Solar cell is a device that converts the energy of sunlight directly into electricity by the photovoltaic effect. The main drawback of conventional solar cells are the poor energy conversion efficiency. A solar cell’s energy conversion efficiency (?, “eta”), is the percentage of power converted (from absorbed light to electrical energy) and collected, when a solar cell is connected to an electrical circuit. The challenge of increasing the photovoltaic efficiency is thus of great interest, both from the academic and economic points of view. Many groups have published papers claiming possibility of high efficiencies after conducting optical measurements under many hypothetical conditions. The University of New South Wales has achieved 25% efficiency on mono-crystalline silicon in the lab, which was the highest reported solar cell efficiency.
Now the scientists of Sandia Nations laboratories, US has claimed the development of a new tiny glitter-sized photovoltaic cells that could revolutionize the way solar energy is collected and used.
The cells are fabricated using microelectronic and Micro Electro Mechanical systems (MEMS) techniques common to today’s electronic foundries.
The solar particles, fabricated of crystalline silicon, hold the potential for a variety of new applications. They are expected eventually to be less expensive and have greater efficiencies than current photovoltaic collectors that are pieced together with 6-inch- square solar wafers.
Each cell is formed on silicon wafers, etched and then released inexpensively in hexagonal shapes, with electrical contacts prefabricated on each piece, by borrowing techniques from integrated circuits and MEMS.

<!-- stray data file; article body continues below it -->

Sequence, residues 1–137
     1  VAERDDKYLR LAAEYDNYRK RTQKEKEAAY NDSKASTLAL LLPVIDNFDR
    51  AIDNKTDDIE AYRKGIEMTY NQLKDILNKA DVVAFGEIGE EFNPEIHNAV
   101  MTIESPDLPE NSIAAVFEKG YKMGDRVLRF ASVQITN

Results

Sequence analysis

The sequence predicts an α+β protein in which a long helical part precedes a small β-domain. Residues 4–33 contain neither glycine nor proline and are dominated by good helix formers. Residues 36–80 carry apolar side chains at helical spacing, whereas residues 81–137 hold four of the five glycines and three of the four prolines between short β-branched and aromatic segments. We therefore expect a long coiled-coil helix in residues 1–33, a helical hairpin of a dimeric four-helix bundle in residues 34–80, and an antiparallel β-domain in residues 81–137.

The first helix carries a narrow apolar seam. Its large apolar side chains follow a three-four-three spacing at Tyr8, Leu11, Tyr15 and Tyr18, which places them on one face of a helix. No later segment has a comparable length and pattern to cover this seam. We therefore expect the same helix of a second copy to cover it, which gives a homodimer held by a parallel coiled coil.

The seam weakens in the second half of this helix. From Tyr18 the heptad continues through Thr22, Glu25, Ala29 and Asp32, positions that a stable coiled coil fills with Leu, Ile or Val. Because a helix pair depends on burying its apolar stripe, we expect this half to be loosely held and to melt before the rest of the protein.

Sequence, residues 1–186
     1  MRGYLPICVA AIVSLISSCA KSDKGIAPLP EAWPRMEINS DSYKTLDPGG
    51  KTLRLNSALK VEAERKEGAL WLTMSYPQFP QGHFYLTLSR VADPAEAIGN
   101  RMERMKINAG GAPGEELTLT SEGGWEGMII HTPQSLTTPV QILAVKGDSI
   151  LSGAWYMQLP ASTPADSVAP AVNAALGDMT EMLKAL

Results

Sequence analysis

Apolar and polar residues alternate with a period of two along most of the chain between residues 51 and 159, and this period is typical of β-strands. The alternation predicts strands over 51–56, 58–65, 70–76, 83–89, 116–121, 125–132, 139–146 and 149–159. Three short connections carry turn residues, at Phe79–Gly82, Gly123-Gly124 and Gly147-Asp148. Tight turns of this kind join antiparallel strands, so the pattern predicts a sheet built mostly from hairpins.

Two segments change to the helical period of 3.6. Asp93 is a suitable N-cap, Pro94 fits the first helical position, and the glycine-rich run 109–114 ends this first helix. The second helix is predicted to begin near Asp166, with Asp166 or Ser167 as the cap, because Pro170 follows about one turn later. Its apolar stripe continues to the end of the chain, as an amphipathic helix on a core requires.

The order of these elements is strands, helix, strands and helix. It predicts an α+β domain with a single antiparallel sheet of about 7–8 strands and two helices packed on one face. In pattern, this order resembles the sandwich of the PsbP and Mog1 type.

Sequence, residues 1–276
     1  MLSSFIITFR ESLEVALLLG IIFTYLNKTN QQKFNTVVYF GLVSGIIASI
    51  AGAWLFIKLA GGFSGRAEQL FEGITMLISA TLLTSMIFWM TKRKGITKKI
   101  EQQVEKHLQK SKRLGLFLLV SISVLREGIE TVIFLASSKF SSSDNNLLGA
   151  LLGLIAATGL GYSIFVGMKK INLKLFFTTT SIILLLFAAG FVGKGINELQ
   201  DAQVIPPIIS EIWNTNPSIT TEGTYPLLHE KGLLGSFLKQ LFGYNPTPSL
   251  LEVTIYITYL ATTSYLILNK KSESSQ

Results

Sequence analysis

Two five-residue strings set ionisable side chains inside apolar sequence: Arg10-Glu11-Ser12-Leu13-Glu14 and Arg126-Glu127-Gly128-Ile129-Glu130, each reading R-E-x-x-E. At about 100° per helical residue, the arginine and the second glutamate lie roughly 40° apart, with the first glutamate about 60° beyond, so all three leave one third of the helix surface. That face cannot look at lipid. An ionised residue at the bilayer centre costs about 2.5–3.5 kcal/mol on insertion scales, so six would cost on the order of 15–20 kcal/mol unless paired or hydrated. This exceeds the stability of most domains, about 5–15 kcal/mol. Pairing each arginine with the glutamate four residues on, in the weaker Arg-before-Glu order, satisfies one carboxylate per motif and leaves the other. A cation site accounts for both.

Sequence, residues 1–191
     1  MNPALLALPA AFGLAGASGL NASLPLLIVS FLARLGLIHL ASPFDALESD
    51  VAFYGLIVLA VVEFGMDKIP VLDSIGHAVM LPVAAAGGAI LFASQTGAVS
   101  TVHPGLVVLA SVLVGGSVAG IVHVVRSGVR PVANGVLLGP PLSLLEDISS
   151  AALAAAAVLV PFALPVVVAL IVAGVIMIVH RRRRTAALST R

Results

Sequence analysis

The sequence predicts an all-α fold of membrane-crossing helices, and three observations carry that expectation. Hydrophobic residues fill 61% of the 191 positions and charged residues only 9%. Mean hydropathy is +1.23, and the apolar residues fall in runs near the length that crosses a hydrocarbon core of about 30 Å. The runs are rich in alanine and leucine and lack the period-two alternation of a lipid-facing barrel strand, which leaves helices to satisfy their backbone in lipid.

Advantages claimed by the lab
Extremely thin structure as compared to conventional Solar cells. This cell is 10 times thinner than a 6-inch-by-6-inch brick-sized cells.
Significant reduction in manufacturing and installation costs compared with current photo voltaic techniques.
Electricity presently can be harvested from the Sandia-created cells with 14.9 percent efficiency. Off-the-shelf commercial modules range from 13 to 20 percent efficient.
Uses 100 times less Silicon to produce the same electricity as compared to conventional solar cells.
The shade tolerance of this units to overhead obstructions is better than conventional PV panel. The portions of this cell not in shade will keep sending out electricity where a partially shaded conventional panel may turn off entirely.
High-voltage output is possible directly from the modules because of the large number of cells in the array. This should reduce costs associated with wiring, due to reduced resistive losses at higher voltages.
The tiny cells could turn a person into a walking solar battery charger if they were fastened to flexible substrates molded around unusual shapes, such as clothing.
Satellites and remote sensing.
Fast and efficient recharge of the batteries used in electronic devices.
Can be used to make rooftops of homes and warehouses to harvest solar energy, which is an effective alternative of conventional electricity sources.